Unless the context requires otherwise, throughout the specification and claims which follow, the word “comprise” and variations thereof, such as “comprises” and “comprising” are to be construed in an open, inclusive sense, that is as “including but not limited to.”
FIG. 1 shows an oil lamp 10 including a reservoir 12 and wick holder 14. A wall 16 of the reservoir 12 defines an interior space for holding a liquid fuel, such as a paraffin-based fuel. The wall 16 may consist of a variety of materials, for example, glass, ceramics, and/or metals such as brass, stainless steel, copper. The reservoir 12 includes an opening 18 for providing access to the interior of the reservoir 12 from an exterior for filling the reservoir with fuel.
The wick holder 14 can be made of some flame-retardant or flame-resistant material, for example, a metal such as brass. The wick holder 14 may be formed as a body of revolution, although any other shape may also be suitable. The wick holder 14 includes a body 20 including a head 22 and neck 24 extending from the head 22. A longitudinal wick passage 26, best seen in FIG. 5, extends through the head 20 and neck 24 and is sized to supportingly receive a wick 28. The head 20 can include a shoulder 30 formed as a radially extending peripheral member. Where the wick holder is formed as a body of revolution, the shoulder 30 can take the form of a peripherally extending disc. An oilcapture channel 32 may be formed in a top surface 34 of the shoulder 30, radially spaced from, and surrounding the wick passage 26. One or more vents 36 may extend through the body of the wick holder 14, radially spaced from the wick passage 26. The vents 36 allow pressure between the interior and exterior of the reservoir 12 to equalize, possibly eliminating or reducing capillary action. In one embodiment, shown in FIGS. 2 through 6, the vents 36 open into the oil capture channel 32, to ensure the capture of any fuel which may incidentally bubble through the vent 36. In the embodiment of FIGS. 1-6, the vents 36 extend through the shoulder 30.
The neck 24 includes a terminus 38 spaced from the head 20. An outer surface 40 of the neck 24 forms a convexity 42 proximate the terminus 38. An inner surface 44 of the neck 24, which defines the wick passage 26, forms a concavity 46 proximate the terminus 38. The convexity 42 and concavity 46 separately, and in conjunction with each other, form a barrier to capillary transport of fuel from the wick 28, hindering the flow of fuel from the wick 28 up the neck 24 towards the shoulder 30.
FIGS. 7 and 8 show alternative embodiments of the wick holder 14. These alternative embodiments, and those alternative embodiments and other alternatives described herein, are substantially similar to previously described embodiments. Thus, common acts and structures are identified by the same reference numbers. Only significant differences in operation and structure are described below.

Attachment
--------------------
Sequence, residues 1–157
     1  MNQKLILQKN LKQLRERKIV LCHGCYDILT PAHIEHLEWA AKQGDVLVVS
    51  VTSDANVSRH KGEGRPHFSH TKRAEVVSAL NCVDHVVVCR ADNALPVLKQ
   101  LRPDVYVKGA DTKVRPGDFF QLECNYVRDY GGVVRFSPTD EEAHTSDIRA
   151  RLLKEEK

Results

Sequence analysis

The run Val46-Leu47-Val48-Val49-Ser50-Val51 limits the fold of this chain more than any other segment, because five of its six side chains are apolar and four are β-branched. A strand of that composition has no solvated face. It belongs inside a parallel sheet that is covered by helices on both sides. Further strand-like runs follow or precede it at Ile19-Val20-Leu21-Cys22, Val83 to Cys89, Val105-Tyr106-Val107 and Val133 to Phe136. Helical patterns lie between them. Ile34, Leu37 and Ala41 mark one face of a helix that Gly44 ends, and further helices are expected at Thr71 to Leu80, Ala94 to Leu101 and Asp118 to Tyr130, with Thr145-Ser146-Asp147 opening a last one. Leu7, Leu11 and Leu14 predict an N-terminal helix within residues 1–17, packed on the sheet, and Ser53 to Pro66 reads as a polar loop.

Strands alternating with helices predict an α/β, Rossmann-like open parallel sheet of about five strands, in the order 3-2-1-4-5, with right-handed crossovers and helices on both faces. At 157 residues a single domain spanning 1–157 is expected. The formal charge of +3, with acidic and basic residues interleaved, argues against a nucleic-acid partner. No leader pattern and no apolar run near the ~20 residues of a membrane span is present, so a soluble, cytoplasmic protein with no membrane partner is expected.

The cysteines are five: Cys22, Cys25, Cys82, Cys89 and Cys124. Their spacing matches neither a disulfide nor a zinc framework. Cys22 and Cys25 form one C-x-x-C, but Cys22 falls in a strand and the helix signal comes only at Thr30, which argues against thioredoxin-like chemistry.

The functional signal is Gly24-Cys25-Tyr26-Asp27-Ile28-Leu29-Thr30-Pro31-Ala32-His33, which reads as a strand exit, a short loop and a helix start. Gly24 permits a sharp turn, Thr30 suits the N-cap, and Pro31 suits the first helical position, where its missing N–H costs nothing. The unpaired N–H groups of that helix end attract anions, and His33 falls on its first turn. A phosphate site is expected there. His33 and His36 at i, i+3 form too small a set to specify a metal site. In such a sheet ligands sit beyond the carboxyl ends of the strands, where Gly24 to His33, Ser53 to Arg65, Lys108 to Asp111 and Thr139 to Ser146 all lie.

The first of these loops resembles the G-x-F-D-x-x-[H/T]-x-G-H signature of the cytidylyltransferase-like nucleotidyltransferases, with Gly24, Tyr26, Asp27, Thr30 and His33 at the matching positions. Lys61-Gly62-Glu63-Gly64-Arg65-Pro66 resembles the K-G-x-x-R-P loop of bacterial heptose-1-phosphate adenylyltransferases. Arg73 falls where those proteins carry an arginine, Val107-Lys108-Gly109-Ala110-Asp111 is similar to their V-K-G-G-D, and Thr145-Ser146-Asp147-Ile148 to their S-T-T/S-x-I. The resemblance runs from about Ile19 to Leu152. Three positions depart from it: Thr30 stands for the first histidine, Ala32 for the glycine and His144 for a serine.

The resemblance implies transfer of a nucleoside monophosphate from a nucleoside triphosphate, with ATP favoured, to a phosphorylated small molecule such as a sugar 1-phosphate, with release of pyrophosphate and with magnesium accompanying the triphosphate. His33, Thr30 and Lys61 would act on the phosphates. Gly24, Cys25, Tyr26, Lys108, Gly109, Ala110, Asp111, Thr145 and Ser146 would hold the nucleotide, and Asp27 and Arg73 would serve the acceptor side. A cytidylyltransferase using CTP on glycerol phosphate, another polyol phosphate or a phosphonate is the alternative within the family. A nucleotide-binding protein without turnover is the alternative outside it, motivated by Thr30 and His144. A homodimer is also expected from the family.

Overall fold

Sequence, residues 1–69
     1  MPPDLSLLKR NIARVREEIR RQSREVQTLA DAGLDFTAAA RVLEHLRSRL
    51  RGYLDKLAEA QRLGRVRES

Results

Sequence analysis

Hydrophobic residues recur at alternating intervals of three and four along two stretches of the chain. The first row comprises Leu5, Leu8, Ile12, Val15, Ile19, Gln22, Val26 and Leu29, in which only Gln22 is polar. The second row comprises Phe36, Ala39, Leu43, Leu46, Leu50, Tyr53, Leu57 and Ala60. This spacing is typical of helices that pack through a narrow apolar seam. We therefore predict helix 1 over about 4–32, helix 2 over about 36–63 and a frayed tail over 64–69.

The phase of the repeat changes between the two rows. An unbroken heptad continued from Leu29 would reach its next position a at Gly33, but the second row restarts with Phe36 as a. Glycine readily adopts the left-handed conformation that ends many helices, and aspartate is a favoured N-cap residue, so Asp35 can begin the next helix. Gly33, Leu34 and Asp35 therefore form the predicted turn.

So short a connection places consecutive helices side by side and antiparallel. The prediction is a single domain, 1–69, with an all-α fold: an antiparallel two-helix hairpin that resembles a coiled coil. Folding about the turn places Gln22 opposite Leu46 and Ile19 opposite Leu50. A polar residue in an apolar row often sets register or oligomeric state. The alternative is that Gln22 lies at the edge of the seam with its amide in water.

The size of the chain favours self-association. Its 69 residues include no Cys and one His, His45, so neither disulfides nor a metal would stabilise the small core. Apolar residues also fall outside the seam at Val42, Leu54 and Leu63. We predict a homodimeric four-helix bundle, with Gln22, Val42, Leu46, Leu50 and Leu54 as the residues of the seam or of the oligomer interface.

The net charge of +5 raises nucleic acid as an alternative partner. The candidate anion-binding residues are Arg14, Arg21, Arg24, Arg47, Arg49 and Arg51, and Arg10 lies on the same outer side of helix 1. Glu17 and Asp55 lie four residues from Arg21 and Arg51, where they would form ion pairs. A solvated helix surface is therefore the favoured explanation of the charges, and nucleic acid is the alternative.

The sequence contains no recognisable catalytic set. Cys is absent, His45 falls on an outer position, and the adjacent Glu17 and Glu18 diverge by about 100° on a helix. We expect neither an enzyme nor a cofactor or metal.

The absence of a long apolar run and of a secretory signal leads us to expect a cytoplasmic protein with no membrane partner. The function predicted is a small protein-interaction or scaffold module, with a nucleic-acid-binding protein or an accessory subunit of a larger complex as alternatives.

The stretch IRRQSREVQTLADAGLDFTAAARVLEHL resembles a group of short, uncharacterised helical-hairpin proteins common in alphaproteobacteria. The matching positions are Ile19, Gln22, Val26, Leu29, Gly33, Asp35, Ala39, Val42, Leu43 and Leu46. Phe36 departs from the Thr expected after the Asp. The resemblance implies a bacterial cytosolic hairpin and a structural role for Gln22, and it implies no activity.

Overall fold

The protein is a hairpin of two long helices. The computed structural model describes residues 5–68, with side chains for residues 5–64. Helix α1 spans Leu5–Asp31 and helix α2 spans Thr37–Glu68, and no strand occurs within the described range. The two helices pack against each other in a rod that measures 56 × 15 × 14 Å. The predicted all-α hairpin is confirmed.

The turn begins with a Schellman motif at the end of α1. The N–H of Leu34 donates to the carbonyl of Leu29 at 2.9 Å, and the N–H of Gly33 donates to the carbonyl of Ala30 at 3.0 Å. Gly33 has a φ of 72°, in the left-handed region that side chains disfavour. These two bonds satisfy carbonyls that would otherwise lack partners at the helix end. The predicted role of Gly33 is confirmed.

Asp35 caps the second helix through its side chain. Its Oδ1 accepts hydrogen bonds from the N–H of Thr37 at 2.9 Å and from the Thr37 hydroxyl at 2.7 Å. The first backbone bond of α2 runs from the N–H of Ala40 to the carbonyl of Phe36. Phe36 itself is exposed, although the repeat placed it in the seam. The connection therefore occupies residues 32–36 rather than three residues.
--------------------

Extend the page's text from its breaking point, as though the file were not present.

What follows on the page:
In the embodiment of FIG. 7, the vents 36 extend through the head 20 of the wick holder 14, spaced radially inward from the oil capture channel 32. In the embodiment of FIG. 8, a single vent 36 is spaced radially inward from the oil capture channel 32, and extends through the head 20 and at least a portion of the neck 24. In contrast to the embodiment of FIGS. 1-6, in these alternative embodiments the vent 36 does not extend through the shoulder 30.
Thus, the wick holder 14 combines numerous structures that may eliminate and/or reduce the seepage of fuel from the reservoir 12.
Although specific embodiments, and examples for, the invention are described herein for illustrative purposes, various equivalent modifications can be made without departing from the spirit and scope of the invention, as will be recognized by those skilled in the relevant art. The teachings provided herein of the invention can be applied to other liquid fuel-based illumination devices, not necessarily the oil lamp described above. The various embodiments described above can be combined to provide further embodiments. These and other changes can be made to the invention in light of the above detailed description. In general, in the following claims, the terms used should not be construed to limit the invention to the specific embodiments disclosed in the specification, but should be construed to include all liquid fuel-based illumination systems that operate in accordance with the claims. Accordingly, the invention is not limited by the disclosure, but instead its scope is to be determined entirely by the following claims.
From the foregoing it will be appreciated that, although specific embodiments of the invention have been described herein for purposes of illustration, various modifications may be made without deviating from the spirit and scope of the invention. Accordingly, the invention is not limited except as by the appended claims.